Friday, June 29, 2007

Queen Charlotte Track Jun 12-15

My apologies for this completely haphazard post, and the complete lack there of for the past few weeks. Exams just finished Saturday, and for the past few weeks I've been struggling to fit in as much mountain biking, studying, and savoring of my final days in this great city as humanly possible.

Below are the pictures from a 4 day trip up to the Marlborough Sounds at the top of the South Island. Here's the basic gist. Narv and I went up to Picton, a tiny little town nestled at the innermost nook of the Queen Charlotte Sound. The following day we loaded our bikes on a boat and traveled an hour to the end of the sound. We began our 66k journey back to civilization in a lonely cove once used as a place of refuge by Captain Cook when he explored this part of the world. Its since been largely unchanged. Over the next two days we rode over some spectacular single track, crossing two roads, the back yards of a few secluded resorts and homesteads, and saw less than a dozen people.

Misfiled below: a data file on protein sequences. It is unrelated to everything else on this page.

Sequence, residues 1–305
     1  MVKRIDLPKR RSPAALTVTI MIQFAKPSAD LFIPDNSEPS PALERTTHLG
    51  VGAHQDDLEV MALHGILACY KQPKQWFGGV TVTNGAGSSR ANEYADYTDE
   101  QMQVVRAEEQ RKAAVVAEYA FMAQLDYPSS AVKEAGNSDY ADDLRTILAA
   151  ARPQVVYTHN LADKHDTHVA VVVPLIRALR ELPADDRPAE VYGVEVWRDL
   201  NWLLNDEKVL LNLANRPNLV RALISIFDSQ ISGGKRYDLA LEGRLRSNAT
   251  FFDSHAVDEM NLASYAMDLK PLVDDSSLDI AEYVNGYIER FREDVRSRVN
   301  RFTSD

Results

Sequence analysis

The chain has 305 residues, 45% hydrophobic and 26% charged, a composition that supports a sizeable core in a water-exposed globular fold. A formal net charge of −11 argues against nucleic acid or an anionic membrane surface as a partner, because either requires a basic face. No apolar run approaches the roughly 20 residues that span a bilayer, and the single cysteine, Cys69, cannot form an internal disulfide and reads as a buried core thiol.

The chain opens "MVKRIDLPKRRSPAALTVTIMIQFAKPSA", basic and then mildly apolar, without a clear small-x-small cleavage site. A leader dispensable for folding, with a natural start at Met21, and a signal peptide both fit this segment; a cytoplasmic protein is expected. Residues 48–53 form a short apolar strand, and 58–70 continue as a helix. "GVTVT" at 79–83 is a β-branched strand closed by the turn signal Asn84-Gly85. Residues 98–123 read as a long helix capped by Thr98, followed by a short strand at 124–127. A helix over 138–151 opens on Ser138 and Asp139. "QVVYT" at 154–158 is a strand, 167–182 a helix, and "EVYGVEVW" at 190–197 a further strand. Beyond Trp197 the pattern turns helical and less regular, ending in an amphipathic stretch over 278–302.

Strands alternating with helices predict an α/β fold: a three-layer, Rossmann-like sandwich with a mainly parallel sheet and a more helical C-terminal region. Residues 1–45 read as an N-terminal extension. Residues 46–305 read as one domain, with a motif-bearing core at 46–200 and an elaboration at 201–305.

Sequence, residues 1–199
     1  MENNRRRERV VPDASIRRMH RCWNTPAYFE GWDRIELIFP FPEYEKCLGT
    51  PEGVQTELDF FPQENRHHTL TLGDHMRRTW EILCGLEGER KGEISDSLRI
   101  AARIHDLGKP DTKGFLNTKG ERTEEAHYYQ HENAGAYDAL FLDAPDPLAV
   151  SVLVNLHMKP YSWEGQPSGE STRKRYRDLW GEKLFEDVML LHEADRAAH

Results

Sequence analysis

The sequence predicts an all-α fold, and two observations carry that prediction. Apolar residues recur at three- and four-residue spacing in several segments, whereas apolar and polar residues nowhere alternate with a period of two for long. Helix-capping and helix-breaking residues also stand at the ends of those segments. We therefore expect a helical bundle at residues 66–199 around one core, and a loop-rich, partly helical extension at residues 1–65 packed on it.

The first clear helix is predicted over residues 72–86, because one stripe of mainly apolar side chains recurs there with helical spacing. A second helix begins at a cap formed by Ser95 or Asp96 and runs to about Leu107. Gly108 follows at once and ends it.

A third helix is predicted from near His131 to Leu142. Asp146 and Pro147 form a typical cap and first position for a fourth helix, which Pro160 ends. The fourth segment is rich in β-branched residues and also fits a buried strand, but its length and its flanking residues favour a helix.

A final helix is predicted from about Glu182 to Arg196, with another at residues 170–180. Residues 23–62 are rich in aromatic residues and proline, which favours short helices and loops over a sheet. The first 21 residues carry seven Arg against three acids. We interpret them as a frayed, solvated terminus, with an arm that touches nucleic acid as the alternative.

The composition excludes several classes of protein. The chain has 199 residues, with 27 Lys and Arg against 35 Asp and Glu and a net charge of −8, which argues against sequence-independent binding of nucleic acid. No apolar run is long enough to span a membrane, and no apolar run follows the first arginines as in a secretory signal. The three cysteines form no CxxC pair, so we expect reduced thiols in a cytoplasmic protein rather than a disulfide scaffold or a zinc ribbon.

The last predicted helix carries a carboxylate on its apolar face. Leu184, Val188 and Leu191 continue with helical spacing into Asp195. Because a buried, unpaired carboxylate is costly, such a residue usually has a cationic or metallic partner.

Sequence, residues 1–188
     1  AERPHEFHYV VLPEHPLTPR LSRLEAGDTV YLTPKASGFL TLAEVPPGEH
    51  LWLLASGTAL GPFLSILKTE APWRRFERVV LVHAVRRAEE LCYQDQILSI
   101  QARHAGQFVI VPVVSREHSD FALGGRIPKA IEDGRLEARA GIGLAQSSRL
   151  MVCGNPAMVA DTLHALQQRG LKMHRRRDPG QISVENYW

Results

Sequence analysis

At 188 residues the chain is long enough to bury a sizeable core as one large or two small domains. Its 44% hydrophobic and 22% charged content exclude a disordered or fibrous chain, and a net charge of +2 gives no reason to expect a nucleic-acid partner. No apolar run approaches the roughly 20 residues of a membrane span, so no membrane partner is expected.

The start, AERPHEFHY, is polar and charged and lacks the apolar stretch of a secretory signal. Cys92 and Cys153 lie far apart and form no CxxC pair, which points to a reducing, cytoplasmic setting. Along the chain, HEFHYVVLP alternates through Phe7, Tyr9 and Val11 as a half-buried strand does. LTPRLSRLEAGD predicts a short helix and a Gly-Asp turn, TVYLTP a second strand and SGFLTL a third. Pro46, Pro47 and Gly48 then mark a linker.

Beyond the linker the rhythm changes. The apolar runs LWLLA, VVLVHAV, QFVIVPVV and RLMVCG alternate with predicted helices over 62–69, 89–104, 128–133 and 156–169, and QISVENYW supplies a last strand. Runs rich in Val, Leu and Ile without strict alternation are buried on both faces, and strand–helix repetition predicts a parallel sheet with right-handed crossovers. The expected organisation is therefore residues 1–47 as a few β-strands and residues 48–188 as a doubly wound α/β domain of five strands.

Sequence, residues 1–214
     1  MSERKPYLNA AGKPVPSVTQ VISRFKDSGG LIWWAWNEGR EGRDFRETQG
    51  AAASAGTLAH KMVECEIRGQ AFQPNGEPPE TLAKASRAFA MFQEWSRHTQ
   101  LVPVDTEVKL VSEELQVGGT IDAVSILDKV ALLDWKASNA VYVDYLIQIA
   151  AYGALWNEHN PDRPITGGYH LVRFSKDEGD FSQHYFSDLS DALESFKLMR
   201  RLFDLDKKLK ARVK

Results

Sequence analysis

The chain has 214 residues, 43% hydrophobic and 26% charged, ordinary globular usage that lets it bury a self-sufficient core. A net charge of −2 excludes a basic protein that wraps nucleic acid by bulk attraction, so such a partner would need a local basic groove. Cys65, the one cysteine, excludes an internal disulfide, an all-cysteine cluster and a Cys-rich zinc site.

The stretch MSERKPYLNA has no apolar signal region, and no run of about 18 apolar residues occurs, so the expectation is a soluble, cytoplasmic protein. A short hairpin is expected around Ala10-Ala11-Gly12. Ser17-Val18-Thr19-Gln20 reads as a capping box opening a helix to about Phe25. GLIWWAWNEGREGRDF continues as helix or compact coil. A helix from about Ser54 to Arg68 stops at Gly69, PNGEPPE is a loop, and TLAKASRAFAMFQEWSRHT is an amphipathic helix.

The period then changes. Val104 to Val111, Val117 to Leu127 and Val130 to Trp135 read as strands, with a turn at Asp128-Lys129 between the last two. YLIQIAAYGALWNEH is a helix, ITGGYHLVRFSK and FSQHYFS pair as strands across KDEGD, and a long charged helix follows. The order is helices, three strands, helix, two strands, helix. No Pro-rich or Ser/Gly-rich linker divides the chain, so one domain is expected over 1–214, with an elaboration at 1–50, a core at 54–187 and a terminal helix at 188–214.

Our first day (4hrs) was highlighted with brilliant sky's, but a nasty wreck early in the day on my part. The trail never challenged us with much in the way of technically demanding features, just lots of climbing and some slippery mud in places. Nonetheless, the cruisy trail had a few tricks up its sleeve for the inattentive. The crash soured the first few hours, but eventually the views and the amazing trail healed my aches and pains.
The second day, (6hrs) we rode under, and for a while within a gray sky, however, clouds nor misty rain could take away from the experience.

Day one Bus CHCH-Picton

Day 2 Ship Cove to Camp Bay

Day Three Camp Bay-Anikiwa

Day 4

I wish I could have organized these photos and provided a few captions, but I anticipated having more time to kill. Instead however I'll be taking off on Monday with some friends for two weeks of tramping and adventuring around the south island before finally coming back to chch to catch my flight to LA on the 13th. I'll be back in Vermont late on the 19th.

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